In what is hardly a surprise development, the prolonged sub-zero winter weather in Bulgaria in January has resulted in high electricity bills for household consumers.
In the capital city Sofia, energy distribution company CEZ said on February 8 that electricity bills for January were between 23 and 70 per cent higher than those for December.
This statement came on a day when large parts of the city had no central heating or hot water because of a breakdown. For parts of the city, this was the fourth day without hot water or heating.
High electricity bills have a sensitive place in recent Bulgarian history. In 2013, they were used as a catalyst for anti-government protests and as a vehicle for campaigning by nationalists and populists to expel the foreign-owned energy distribution companies from the country.
In Plovdiv on February 8, a protest was planned against the energy distribution company in that region, EVN. In symbolism reminiscent of the 2013 protests, participants on a Facebook page about the protest likened the Austrian-owned company to Hitler and portrayed it as a colonial regime.
Bulgaria’s energy system was heavily burdened by the lengthy below-freezing temperatures and mammoth snowfalls in January, leading to a mid-month suspension of electricity exports, now being lifted as of February 9.
There was an attempt in mid-January to turn Bulgaria’s energy situation into a political football, as the Bulgarian Socialist Party, then the largest opposition party in the now-dissolved 43rd National Assembly, alleged that the electricity supply was on the verge of collapse. The BSP claimed, among other things, that dams used for hydro-electric power had too low levels and that other power infrastructure was at risk.
Repeatedly, energy ministry officials countered that there was no risk of electricity restrictions.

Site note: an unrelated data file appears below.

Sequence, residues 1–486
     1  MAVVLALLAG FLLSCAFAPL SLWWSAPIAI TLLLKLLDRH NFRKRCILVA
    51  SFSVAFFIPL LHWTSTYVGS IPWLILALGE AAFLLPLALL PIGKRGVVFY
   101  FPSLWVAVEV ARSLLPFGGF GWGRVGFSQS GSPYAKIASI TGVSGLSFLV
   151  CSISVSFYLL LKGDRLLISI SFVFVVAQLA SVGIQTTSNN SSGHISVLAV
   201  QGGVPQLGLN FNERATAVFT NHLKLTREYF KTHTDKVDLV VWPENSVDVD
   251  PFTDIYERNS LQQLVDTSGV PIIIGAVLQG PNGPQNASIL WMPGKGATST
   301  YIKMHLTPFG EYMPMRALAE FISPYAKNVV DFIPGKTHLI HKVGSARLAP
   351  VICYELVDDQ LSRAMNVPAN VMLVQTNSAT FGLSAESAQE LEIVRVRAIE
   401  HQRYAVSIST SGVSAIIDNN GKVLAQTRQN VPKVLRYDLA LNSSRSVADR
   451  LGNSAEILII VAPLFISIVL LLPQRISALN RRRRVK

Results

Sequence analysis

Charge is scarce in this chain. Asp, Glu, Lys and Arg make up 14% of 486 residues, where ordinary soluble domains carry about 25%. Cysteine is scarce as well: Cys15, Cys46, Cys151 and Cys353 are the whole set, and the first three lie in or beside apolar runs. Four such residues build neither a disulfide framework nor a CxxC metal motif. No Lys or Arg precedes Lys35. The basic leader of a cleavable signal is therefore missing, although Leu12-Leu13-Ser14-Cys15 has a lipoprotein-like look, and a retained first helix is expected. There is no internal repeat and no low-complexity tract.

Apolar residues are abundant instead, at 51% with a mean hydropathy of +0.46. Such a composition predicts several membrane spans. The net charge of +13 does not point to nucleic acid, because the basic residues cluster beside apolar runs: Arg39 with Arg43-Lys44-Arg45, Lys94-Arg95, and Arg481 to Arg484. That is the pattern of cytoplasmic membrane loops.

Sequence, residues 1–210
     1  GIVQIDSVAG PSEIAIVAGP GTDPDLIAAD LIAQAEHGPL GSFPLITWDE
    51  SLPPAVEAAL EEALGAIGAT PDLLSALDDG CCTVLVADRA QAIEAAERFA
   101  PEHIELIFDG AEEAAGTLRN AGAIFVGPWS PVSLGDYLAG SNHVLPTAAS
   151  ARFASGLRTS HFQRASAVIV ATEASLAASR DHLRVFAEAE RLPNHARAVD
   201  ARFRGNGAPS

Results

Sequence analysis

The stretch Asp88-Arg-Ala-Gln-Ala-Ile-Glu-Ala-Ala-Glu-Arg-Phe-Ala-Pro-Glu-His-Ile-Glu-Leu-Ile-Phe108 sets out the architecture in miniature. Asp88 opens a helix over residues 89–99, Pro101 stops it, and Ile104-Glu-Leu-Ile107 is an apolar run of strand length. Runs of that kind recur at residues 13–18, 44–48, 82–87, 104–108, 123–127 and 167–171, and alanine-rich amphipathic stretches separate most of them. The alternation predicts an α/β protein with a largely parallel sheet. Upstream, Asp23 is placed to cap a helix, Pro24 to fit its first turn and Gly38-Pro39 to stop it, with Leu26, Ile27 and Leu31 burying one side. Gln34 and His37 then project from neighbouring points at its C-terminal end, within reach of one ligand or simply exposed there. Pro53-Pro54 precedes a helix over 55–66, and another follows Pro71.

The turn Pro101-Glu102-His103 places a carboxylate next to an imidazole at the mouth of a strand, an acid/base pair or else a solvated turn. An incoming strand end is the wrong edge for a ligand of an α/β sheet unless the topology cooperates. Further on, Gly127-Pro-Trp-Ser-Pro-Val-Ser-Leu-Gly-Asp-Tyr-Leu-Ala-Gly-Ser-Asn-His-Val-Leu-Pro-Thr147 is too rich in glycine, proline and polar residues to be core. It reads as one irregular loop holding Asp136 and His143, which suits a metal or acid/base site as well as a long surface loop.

A caretaker government is now in power, charged with leading the country to early parliamentary elections on March 26.
On February 8, Dimcho Stanev of CEZ’s customer service division told public broadcaster Bulgarian National Radio that electricity bills in Sofia ranged from 120 to 560 leva (about 61 to 286 euro) for January 2017.
On some days in January, which on average was five degrees Celsius colder than January 2016, electricity demand in western Bulgaria had hit a 20-year high, Stanev said.
On February 7, EVN told a news conference in Plovdiv that 39 per cent of its clients in the Plovdiv region had average bills of just more than 22 leva, including value-added tax. In 43 per cent of cases, the average was just more than 102 leva. About 18 per cent had used more than 1000 kilowatts, with average bills of just more than 263 leva.
Local media in Plovdiv said that residents of the city did not accept these figures, saying that their bills were “double, even triple”.
The third energy distribution company in Bulgaria, Czech-owned Energo-Pro, which covers northern and north-eastern Bulgaria, has made no recent statement on the issue of bills, since a January 18 announcement that it would consider requests from customers to reschedule payments of December 2016 electricity bills, which the company said were about 10 per cent higher than in December 2015.
The January 18 statement by Energo-Pro said that in the first 10 days of 2017, electricity consumption in its area was 6.5 per cent higher than last year.
The statement said that on January 11, power consumption by Energo-Pro customers was 61.7 per cent higher than on January 11 2016.
(Photo: Joe Zlomek/freeimages.com)